Then, a little beyond her, another naked man suddenly just appeared. There was no little flash of light, no slow fade-in, no twinkling fairy dust, no special effects at all. He was simply, suddenly there. His eyes rolled back into his head as he too collapsed.
Within seconds, there were three more. Two collapsed immediately. But one woman staggered a few steps, then tried to steady herself, bending over with her hands on her knees. This may have been a tactical error—she blurted out “Shit!” and keeled over sideways.
Undaunted by her failed effort, I struggled to my feet and immediately fell down again. Never mind. Sometimes you really do have to crawl before you can walk. So, fighting down diminishing waves of nausea, I crawled over to the person nearest me, the first man I’d seen. He was a young man with a full head of wavy black hair. He was deeply tanned around his neck and head and from his upper arms down, quite pale elsewhere—a “farmer’s tan.” His right arm was crumpled beneath him. I turned him partly over. He had a delicate Sal Mineo face. His eyes were glassy, but I felt for a pulse in his throat anyway. He was dead. I closed his eyes and turned away to crawl over to the next person.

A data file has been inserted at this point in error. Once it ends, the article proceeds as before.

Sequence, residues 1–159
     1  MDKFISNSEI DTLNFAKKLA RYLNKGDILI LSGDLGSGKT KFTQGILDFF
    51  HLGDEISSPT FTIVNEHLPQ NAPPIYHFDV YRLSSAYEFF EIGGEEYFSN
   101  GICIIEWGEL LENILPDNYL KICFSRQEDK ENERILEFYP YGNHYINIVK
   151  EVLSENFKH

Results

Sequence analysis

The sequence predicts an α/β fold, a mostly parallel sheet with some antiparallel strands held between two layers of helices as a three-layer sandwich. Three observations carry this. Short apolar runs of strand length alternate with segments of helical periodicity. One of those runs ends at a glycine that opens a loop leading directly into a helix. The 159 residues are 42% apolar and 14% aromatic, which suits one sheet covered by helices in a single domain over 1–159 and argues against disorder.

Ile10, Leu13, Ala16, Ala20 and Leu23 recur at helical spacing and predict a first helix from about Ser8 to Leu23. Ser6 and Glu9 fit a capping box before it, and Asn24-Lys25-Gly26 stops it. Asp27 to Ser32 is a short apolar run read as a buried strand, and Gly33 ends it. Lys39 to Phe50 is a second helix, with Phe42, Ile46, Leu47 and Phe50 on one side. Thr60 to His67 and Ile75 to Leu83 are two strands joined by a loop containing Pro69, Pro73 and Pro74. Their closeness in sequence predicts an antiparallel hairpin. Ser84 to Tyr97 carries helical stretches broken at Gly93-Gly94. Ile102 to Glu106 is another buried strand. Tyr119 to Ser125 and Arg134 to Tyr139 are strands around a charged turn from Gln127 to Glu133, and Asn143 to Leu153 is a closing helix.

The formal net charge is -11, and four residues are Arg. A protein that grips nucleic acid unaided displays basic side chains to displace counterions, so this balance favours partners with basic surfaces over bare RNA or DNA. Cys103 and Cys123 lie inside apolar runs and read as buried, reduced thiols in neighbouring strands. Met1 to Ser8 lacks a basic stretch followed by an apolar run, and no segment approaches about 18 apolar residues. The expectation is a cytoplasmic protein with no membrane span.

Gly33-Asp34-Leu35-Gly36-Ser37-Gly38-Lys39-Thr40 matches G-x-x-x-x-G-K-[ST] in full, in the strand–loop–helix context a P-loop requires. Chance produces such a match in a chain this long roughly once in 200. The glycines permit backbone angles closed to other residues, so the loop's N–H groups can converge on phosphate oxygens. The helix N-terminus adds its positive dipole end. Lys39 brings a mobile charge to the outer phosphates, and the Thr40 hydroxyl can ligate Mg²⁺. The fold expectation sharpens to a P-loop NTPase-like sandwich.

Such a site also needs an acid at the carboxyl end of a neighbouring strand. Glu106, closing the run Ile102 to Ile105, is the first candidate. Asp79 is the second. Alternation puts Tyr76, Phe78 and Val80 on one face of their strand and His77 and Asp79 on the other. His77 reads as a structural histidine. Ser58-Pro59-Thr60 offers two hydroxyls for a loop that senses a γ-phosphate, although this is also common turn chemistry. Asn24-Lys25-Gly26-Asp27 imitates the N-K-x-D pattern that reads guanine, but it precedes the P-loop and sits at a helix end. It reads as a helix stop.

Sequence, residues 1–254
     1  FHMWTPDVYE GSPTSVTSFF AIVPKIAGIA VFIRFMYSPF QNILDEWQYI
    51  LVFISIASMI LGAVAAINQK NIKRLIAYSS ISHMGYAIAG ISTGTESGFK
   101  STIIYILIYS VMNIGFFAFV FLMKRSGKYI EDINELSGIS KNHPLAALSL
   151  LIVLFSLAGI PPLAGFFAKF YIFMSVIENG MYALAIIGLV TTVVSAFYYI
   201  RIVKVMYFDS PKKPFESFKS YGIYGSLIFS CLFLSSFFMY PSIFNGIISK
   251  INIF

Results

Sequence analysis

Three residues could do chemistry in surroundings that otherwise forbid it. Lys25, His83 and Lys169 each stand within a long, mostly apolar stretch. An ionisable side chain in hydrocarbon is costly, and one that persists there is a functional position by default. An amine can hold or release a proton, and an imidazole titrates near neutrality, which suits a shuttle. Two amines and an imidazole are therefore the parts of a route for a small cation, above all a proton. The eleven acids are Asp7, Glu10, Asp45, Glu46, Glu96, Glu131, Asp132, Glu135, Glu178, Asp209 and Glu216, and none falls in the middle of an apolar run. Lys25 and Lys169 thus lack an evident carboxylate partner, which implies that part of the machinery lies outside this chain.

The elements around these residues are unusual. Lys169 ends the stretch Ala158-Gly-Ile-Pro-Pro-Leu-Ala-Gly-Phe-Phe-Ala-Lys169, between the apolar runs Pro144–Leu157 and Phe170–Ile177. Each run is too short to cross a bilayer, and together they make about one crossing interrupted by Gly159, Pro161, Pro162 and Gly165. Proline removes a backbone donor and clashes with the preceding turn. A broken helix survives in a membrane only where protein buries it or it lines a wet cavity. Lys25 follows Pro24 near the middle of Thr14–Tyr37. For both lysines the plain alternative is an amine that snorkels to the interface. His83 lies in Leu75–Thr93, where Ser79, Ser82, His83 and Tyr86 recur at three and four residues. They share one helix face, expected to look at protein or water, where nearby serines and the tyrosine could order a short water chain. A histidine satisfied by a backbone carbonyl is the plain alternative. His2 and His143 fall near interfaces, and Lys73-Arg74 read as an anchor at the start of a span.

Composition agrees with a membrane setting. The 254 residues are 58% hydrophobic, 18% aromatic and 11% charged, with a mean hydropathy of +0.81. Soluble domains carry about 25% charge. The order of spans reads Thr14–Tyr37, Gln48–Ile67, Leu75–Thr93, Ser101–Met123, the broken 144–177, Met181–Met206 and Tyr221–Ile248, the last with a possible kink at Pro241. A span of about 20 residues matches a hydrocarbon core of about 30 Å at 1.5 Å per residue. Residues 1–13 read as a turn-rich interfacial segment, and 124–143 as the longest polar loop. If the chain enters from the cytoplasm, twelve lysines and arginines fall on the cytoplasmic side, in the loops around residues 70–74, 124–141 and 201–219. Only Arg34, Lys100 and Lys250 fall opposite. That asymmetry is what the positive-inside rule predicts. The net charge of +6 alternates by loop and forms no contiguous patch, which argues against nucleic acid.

As I moved across the floor, I realized that it was not really flat, but had gentle slopes and knolls like an artificial meadow. It was the same gray as everything else, and somehow both hard and soft at the same time, as if molded out of some alien rubber. I came to the pole-axed woman, still flat on her back. She was little more than a girl, pale and slender, with long blond hair so light it seemed to lack any color at all. She looked familiar; she had been in a queue with the kids and me—a couple of the girls had complimented her on her beautiful hair. I gently shook her shoulder. Her eyelids fluttered slightly and she turned onto her side with a tiny whimper. I might have been able to rouse her, but I knew she wasn’t ready. Right now, she was better off unconscious.